Maybe I’ll just up and go to Kenya for my 40th birthday.  That really would be an adventure.  I could come back and tell the story.

“I once had a birthday in Africa….”

To Kill a Mockingbird

Bekki Here:
I would marry Atticus Finch. Atticus Finch looking like Gregory Peck? Pure bonus.
I think he is the literary man with the most integrity that I’ve ever read, or seen in my DVD player.
I don’t think I could do this film justice. Mostly because it awakens such a sense of justice in me. Every time I watch it I want to be a better person. I want to be a person of courage and integrity.
Things I loved.
Scout. Could she have been better portrayed? I think not. I love her innocence and delight in life. Her outrage at things that are wrong, and her wholehearted rushing in, even when she’s being stupid. A highlight for me is when she broke up the lynch mob at the jail by just being herself. It was such a picture of innocence bringing light to the darkness, and making men remember themselves again.
When Atticus goes to tell Tom’s widow that she was, well, a widow, I always am so impressed. His compassion causes him to see people as people. Even the white man whose false accusation set the whole thing in motion. He really is a good man.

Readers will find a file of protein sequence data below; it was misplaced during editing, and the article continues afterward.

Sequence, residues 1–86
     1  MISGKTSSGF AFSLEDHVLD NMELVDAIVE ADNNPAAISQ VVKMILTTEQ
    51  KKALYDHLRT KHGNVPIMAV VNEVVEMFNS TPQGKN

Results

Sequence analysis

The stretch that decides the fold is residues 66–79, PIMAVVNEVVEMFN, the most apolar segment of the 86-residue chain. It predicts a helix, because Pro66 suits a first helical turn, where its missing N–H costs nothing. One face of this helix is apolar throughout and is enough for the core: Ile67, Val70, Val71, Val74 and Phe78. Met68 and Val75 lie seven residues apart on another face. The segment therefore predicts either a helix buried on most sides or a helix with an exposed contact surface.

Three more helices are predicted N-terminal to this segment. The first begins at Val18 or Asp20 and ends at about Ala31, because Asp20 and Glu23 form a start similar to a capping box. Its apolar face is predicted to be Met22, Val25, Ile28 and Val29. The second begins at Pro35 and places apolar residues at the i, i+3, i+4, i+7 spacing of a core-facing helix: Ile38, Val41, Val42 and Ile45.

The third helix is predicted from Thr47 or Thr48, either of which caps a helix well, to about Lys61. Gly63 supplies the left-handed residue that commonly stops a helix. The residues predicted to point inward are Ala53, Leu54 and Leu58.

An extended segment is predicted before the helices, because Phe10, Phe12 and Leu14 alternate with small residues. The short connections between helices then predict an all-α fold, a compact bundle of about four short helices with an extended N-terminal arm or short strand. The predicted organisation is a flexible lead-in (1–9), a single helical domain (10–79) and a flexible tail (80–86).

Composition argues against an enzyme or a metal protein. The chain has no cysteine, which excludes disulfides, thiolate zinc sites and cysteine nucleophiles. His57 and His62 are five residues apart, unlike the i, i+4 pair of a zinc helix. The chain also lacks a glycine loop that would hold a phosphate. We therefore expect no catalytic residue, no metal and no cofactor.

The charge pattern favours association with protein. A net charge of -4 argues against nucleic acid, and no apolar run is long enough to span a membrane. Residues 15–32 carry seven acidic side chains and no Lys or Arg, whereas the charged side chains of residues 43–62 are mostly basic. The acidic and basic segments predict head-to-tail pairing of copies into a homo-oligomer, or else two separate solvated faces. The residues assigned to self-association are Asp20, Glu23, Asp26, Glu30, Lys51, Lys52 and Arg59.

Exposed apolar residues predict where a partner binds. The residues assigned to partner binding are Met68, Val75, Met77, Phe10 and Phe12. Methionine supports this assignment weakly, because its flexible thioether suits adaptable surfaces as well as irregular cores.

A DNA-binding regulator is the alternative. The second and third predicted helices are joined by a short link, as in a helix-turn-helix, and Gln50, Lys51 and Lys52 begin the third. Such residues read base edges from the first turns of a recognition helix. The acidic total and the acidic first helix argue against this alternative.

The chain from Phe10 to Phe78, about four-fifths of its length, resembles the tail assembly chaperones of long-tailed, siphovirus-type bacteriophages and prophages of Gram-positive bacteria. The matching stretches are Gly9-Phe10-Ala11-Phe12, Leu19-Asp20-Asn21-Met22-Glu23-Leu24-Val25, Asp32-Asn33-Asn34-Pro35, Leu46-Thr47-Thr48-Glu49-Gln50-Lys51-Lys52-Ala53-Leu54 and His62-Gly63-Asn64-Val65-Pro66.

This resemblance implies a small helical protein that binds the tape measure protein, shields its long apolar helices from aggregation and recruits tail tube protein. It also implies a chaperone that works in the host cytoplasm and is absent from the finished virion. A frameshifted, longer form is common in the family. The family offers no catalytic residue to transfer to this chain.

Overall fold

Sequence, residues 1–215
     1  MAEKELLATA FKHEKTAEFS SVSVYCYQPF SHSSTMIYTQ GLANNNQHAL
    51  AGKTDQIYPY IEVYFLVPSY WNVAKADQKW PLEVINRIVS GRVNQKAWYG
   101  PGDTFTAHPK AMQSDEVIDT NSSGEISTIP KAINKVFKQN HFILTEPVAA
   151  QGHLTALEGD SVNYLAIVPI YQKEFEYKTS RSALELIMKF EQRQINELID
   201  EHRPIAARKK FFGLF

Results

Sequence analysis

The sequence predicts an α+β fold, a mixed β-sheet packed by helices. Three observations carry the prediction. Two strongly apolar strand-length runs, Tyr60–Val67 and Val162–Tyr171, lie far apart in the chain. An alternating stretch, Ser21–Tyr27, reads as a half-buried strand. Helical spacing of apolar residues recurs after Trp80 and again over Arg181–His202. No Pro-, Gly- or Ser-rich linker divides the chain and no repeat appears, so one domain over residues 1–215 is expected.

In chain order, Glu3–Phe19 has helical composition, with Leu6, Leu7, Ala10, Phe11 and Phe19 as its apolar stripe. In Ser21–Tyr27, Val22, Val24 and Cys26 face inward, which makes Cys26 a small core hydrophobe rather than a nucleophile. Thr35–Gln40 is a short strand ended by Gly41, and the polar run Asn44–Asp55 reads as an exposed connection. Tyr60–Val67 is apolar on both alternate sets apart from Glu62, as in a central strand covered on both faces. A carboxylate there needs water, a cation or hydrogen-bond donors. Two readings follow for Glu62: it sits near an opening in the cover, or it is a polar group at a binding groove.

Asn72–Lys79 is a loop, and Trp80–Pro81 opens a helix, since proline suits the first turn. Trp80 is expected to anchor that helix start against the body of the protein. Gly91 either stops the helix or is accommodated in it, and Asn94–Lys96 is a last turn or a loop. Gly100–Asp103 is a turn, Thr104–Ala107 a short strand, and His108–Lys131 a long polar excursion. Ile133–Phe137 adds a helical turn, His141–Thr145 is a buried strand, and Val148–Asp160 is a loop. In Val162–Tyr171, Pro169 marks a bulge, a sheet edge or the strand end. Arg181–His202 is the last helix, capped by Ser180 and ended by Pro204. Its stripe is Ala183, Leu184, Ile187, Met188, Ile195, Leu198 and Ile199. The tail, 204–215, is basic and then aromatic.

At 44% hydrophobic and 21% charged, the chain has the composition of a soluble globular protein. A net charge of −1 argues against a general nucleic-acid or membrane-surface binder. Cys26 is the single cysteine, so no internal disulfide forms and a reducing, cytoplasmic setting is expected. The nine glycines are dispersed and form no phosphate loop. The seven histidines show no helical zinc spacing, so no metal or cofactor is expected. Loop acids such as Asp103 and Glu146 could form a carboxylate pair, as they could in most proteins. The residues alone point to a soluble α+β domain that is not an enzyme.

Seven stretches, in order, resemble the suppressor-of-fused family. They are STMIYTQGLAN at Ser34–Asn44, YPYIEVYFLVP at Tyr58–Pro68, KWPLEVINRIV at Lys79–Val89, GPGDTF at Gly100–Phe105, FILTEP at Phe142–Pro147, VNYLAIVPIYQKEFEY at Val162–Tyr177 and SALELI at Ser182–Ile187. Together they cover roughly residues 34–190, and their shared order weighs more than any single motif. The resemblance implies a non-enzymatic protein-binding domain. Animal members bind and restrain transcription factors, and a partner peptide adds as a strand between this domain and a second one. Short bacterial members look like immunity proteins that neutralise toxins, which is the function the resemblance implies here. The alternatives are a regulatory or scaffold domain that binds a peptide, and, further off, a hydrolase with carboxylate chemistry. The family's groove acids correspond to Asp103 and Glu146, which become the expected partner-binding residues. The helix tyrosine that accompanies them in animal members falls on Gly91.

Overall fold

The only thing that didn’t really gel with me is Boo Radley. The actor playing him did his well, he’s just not like I saw him in my head.

I may just have to own this film.

Bekki Makes Contact

Steve’s literary adaptation was the movie Contact based on the Karl Sagan book by the same name.

I’d seen this movie when it first came out in theaters.  It’s a good story. The despite the older technology depicted in it the movie was lush and captivating. I’m not going to lie though, I am not a big Matthew McConaughey fan.  It says something about the material that I didn’t hate him in this movie.

I am a bit of a science geek myself, and yet I struggle so much when people say (from both sides of the debate) that faith and science are mutually exclusive.  That’s not so much a position I espouse myself.  Anyway. I loved that this movie was, at its heart, a discussion of the collision between belief and science.  I loved that Ellie was on this journey from one side of the debate to the other.  She had to allow room for belief when proof was exhausted, and yet the very people who were adamant that faith was essential were the the ones who couldn’t take her testimony on faith.